Back to the model. After the last coat of paint on both hull sections was dry, I went about
installing the only internal piece – the dark windshield. I had just purchased some cement from Testor’s made exclusively for clear parts, and decided to give it a try. I positioned the windshield in place, applied the glue (sparingly) around its perimeter, and taped it in place, to give the glue a chance to set.
At this point, I decided to “attack” – (another good pun, huh?) - the 4-piece aircraft stand. The three pylons had numerous ejection pin marks, sink holes, and seams that needed fixing. I went about puttying, (using Squadron white putty), and sanding both the puttied areas, along with the seams. In actuality, I spent more time “cleaning up” imperfections on the stand, than imperfections on the actual aircraft. Anyway, after spending some time on the filling/sanding/washing/priming/filling/sanding/washing/priming process, it was finally presentable.
In between working on the stand, I had gone back to the aircraft. The windscreen was firmly glued in place, with the glue drying nice and strong, leaving a slight whitish look to it when viewed directly. I then proceeded to glue both the top and bottom halves of the aircraft together, using Testors plastic cement - (“Precision Cement Applicator”, found in that strange looking black container). I used masking tape to allow the glued pieces to set in place.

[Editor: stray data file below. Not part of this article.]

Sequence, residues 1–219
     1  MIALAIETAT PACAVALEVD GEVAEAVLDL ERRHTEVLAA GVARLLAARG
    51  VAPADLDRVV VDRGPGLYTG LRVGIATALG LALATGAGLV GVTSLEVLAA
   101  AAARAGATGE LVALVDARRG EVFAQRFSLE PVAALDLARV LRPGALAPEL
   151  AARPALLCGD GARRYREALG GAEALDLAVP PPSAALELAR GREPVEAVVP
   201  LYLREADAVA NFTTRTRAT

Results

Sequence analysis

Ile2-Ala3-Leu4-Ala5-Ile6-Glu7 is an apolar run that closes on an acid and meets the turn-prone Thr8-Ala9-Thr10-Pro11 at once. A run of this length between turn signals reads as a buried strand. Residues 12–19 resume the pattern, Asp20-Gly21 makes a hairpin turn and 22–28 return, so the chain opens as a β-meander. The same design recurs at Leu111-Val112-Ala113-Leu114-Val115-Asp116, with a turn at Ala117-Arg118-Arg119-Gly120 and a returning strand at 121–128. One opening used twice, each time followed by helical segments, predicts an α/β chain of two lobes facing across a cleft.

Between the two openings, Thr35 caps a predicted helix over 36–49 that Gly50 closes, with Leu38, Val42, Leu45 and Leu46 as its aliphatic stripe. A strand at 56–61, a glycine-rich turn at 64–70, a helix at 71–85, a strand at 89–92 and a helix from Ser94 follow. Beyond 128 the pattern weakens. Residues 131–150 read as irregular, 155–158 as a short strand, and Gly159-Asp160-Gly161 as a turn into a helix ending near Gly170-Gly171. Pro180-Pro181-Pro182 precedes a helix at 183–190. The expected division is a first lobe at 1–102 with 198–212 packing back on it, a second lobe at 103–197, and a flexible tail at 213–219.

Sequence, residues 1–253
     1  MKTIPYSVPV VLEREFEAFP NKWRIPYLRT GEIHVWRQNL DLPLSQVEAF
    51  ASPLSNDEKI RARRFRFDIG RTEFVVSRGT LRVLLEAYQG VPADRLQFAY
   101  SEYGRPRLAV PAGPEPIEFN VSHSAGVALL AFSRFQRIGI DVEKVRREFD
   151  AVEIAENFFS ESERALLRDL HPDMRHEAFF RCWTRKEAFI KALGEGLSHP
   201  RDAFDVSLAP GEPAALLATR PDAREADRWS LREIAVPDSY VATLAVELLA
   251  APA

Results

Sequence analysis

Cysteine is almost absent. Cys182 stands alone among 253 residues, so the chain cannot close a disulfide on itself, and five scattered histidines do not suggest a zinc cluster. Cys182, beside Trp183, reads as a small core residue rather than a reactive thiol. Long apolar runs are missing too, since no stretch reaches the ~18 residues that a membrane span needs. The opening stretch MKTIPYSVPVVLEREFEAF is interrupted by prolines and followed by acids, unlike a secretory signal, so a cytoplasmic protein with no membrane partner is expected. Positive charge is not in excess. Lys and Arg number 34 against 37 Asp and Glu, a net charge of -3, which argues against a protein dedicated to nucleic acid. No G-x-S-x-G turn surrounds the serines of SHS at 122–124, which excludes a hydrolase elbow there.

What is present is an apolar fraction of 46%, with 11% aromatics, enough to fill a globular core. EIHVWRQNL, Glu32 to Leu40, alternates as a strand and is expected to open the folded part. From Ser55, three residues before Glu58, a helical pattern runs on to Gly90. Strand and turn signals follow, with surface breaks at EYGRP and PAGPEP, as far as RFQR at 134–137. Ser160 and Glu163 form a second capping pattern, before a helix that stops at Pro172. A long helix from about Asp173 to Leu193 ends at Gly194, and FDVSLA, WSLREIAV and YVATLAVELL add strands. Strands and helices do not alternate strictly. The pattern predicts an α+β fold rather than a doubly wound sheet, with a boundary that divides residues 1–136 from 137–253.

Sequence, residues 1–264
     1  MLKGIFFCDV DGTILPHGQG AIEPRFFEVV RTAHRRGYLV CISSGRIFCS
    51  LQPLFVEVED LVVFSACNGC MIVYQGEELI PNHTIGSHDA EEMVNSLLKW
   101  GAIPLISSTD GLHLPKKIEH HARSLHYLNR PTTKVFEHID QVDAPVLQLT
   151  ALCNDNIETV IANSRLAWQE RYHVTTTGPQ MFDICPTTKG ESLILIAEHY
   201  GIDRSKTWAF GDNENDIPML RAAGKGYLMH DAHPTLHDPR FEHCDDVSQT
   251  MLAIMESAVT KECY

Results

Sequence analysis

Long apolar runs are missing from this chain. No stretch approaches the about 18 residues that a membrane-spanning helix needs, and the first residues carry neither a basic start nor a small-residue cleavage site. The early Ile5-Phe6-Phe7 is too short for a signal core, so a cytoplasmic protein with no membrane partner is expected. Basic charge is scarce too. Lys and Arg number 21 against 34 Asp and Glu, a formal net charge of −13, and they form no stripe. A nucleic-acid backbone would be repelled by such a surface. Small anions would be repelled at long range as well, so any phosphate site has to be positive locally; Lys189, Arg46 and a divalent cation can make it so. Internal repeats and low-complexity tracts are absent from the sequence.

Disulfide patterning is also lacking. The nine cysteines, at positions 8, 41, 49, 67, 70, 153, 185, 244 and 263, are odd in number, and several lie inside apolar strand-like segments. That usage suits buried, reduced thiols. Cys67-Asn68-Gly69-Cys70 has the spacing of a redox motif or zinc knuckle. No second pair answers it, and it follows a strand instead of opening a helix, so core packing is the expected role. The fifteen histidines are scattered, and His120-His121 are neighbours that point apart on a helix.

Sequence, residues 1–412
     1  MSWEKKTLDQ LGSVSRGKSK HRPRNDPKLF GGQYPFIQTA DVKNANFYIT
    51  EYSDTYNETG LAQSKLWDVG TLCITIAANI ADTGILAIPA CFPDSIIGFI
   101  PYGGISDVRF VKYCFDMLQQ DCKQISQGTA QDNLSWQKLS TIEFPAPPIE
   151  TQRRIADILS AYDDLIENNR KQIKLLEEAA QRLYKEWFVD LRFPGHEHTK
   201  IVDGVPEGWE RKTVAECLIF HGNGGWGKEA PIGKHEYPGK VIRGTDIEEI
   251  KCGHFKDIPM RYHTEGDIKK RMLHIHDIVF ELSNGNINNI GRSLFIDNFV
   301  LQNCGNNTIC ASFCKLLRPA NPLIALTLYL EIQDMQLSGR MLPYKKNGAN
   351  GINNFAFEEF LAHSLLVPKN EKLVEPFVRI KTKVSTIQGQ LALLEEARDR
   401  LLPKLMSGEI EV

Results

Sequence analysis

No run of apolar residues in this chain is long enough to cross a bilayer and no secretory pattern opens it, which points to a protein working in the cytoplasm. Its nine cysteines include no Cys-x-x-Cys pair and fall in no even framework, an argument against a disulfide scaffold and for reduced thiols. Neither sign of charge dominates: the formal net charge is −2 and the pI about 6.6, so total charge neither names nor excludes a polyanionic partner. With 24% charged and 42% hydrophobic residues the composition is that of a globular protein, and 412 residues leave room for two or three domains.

The way Lindberg designed this model was pretty good, with respect to the joining of these two halves. What they did was create a “lip” on the bottom of the top half, with a recessed “groove” inside of it. The edge of the lower hull section fits up into this groove, flush with the inner edge of the lip. This, in effect, just about completely hides any gap resulting when the two pieces are connected.